Saturday, October 31, 2009

Woman in a Red Chair Day 3

Yesterday was a terrific studio day!  I had a chance to make some major progress on Woman in a Red Chair.  I got the first layer on all her flesh except for her last two fingers.  I also re-worked some of the texture on the chair.  I'm very excited with the way her body is looking.  There are lots of shades, hues, and tones i it in real list.  I can't wait to get back out there today to keep going.

I'll post more later today if I get a chance.
Hope you have a great day!

Thursday, October 29, 2009

The Application Process

I did it! Got to work! I'd been putting off applying to several places, but tonight I finally took the time to get three done.  It's a bit quicker to do more than one at a time since I can use some of the same materials - sometimes!

I applied to the Seraphin Gallery in Philly - it looks like a great gallery with great art, and they show figurative work. Could be a good one! I also applied for the Virginia Museum of Fine Arts Fellowship. Every year they offer $8000 grants to professional artists in Va. Every year I apply. I think this is my best chance yet because my work is cohesive and increasingly skilled. The third application I filled out is to REDUX, a funky contemporary gallery in Charleston, SC. It looks like they do a lot of installations and other art that won't necessarily sell but that people ought to see. If anyone would be OK with showing figurative work, I figure it should be they!

Later:  I just finished a fourth application!  This one is for the Schlesinger Center at Northern VA Community College.  I'd love to show this work at a college where there can be a lot of discussion about the topic of Women's Body Image.  That would be truly exciting.  I decided to name the show "Authentic Flesh".  Love it!

It is a very time-consuming process to send out applications. Dylan, my HS Senior son, and I have a lot in common right now - we're both working very hard to send out applications! The process is as follows:

* Find a gallery that might show my work - it has to have artists who are at my skill level, and they have to have a sensibility in line with the work I do. They also have to be close enough for me to hand-deliver my artwork since it's so large - it would be prohibitively expensive to ship it.
* Find out if they accept submissions.
* Find out what they require.
* Update resume and print out.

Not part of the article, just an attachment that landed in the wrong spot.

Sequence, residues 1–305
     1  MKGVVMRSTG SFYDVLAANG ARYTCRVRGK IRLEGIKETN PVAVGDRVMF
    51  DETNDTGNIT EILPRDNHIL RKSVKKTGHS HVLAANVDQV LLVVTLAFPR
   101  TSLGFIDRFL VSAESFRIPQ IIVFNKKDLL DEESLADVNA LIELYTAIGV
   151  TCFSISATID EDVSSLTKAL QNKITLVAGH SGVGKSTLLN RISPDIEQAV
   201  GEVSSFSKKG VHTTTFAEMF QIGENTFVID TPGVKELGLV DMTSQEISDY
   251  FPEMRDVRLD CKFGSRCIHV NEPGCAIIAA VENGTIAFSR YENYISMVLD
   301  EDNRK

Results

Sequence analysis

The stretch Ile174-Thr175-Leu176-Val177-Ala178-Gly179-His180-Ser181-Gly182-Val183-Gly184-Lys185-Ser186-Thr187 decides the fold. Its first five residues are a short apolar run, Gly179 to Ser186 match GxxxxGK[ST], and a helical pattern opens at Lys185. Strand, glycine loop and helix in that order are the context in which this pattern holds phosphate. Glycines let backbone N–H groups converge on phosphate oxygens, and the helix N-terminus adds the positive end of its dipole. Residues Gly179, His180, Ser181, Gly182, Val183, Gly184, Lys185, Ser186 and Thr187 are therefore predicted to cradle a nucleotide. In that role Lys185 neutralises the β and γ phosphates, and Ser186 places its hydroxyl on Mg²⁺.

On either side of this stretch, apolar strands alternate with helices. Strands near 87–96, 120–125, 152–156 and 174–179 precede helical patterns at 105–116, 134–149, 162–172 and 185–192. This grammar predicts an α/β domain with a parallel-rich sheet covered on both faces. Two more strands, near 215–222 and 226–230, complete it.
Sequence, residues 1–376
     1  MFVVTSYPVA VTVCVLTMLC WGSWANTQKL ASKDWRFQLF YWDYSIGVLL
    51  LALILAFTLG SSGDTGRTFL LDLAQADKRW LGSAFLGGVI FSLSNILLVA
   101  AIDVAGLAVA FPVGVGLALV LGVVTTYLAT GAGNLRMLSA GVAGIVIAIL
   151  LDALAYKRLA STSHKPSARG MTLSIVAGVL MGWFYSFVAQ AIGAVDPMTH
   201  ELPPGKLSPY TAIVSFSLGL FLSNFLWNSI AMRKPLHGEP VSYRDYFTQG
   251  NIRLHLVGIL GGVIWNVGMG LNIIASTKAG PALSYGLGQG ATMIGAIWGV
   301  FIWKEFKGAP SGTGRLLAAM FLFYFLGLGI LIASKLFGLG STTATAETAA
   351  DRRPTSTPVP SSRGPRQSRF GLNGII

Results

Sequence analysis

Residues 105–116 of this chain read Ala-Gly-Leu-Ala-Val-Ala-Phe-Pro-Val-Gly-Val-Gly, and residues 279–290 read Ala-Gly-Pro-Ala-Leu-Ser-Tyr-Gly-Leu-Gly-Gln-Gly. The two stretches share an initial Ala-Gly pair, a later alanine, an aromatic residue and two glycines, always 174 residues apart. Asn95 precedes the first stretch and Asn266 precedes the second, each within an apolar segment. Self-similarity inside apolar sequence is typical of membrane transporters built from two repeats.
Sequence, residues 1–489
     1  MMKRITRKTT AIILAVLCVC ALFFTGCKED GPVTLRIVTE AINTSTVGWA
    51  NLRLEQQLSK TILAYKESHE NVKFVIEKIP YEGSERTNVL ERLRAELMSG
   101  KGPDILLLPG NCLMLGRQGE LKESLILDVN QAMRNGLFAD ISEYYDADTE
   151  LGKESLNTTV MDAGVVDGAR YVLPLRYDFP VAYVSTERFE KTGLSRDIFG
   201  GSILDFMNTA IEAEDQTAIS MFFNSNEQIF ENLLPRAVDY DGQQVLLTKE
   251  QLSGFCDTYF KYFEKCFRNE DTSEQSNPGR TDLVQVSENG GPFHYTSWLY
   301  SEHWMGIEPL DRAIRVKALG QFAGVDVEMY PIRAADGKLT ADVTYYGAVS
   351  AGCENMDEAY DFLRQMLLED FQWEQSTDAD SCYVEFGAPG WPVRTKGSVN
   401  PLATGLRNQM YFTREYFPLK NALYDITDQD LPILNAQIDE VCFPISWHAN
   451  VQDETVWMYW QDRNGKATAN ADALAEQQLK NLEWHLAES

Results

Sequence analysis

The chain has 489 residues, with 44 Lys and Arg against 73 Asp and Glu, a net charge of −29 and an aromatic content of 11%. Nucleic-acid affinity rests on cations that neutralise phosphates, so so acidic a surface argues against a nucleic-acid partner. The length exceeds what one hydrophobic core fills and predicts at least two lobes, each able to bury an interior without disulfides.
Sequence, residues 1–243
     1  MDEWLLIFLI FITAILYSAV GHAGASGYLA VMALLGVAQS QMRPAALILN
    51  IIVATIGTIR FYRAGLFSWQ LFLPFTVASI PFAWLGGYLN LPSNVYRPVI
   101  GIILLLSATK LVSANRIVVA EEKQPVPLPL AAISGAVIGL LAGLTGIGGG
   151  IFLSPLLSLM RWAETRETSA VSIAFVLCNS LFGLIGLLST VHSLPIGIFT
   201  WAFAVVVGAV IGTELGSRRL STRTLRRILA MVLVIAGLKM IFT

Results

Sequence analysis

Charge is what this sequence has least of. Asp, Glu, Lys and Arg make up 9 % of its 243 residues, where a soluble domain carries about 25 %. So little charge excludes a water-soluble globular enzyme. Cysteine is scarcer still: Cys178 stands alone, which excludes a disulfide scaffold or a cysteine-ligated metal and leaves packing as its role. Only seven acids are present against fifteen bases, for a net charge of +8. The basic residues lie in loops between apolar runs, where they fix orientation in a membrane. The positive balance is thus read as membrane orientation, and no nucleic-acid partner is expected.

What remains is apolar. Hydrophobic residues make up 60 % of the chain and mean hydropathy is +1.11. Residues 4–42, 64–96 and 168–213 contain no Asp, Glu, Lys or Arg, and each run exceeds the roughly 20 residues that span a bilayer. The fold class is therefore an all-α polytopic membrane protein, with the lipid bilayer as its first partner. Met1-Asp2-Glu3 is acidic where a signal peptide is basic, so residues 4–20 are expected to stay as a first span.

* Write Artist's Statement specific to the gallery/show/grant - this one takes the longest time usually, and I have to be very centered to write something I like.
* Take pictures of each painting as I finish it. Refine it in Adobe Photoshop so it looks as good on the computer as it does in real life: crop it, adjust levels, adjust contrast, brightness, color, etc. Organize images so I can find them for the application process.
* Choose which images to include on the CD. This takes a VERY long time because it's crucial.
* Format the images appropriately. Each and every gallery/show/grant has different requirements for the dpi, the pixel size, the format, the number of images, etc., so I have to re-format the work for each entry.
* Burn the CD. Make sure it works by trying it on another computer.
* Save all the documents in a folder so I know what I've sent to whom and when I should expect a reply.
* Enter the info on a hard copy calendar I have so I remember what I've done and when I should hear back.
* Address and stamp an envelope so they can send my materials back if it isn't the right place for me. My heart always leaps when I see my own handwriting on an envelope in the mailbox.
* Write a letter introducing myself and asking them to consider me for their gallery.
* Address the huge envelope to put all that in.
* Stamp it.
* Mail it.
* Wait up to 6 months for a response.

* Jump for joy when it comes and is positive!

Thank you, readers

I want to thank each and every one of you who takes the time to read my  musings about art and doing art.  It makes my day to know that there are people who enjoy seeing what I've done in the studio or to further my art career in a given day.  It makes it so much more fun to share it with you.  Thank you.  Thank you.  Thank you.

This image is one I drew many years ago when I was just starting out.  It's from a photo my parents took of me when I was just a little tyke.  I remember those umbrella chairs well and just recently bought 3 new ones because I loved those so much.

I'm currently in the process of procrastinating from filling out applications and writing artist statements for said applications.  I guess I'd better get to it.  I plan to apply to one gallery, two shows, and for a grant this evening.  Time to get to it!

Again, thank you for being here.  You matter to me.

Early Morning Session

Every Thursday morning I drag myself out of bed at 6 AM to meet a friend to go for an hour long walk.  It's excruciating getting up, and I often half-stumble through the first 10 minutes of walking, but by the end of the hour, I'm so glad I've been there and done that.  It sets the tone for my whole day and actually gives me more energy than I have on other days.  I wish I had the wherewithal to do it daily.

This morning when I got back from the walk, I had breakfast, talked to my son for a bit about his college essay, then went out to the studio for almost 2 hours to paint.  That's highly unusual for me for the morning!  I've begun doing a new piece I've been excited about for quite a while.  I had put in the background a couple of days ago, and today I began working on the chair.  Maybe I'll become a whole new person and begin to get up early and walk and paint every morning!  Yeah, right!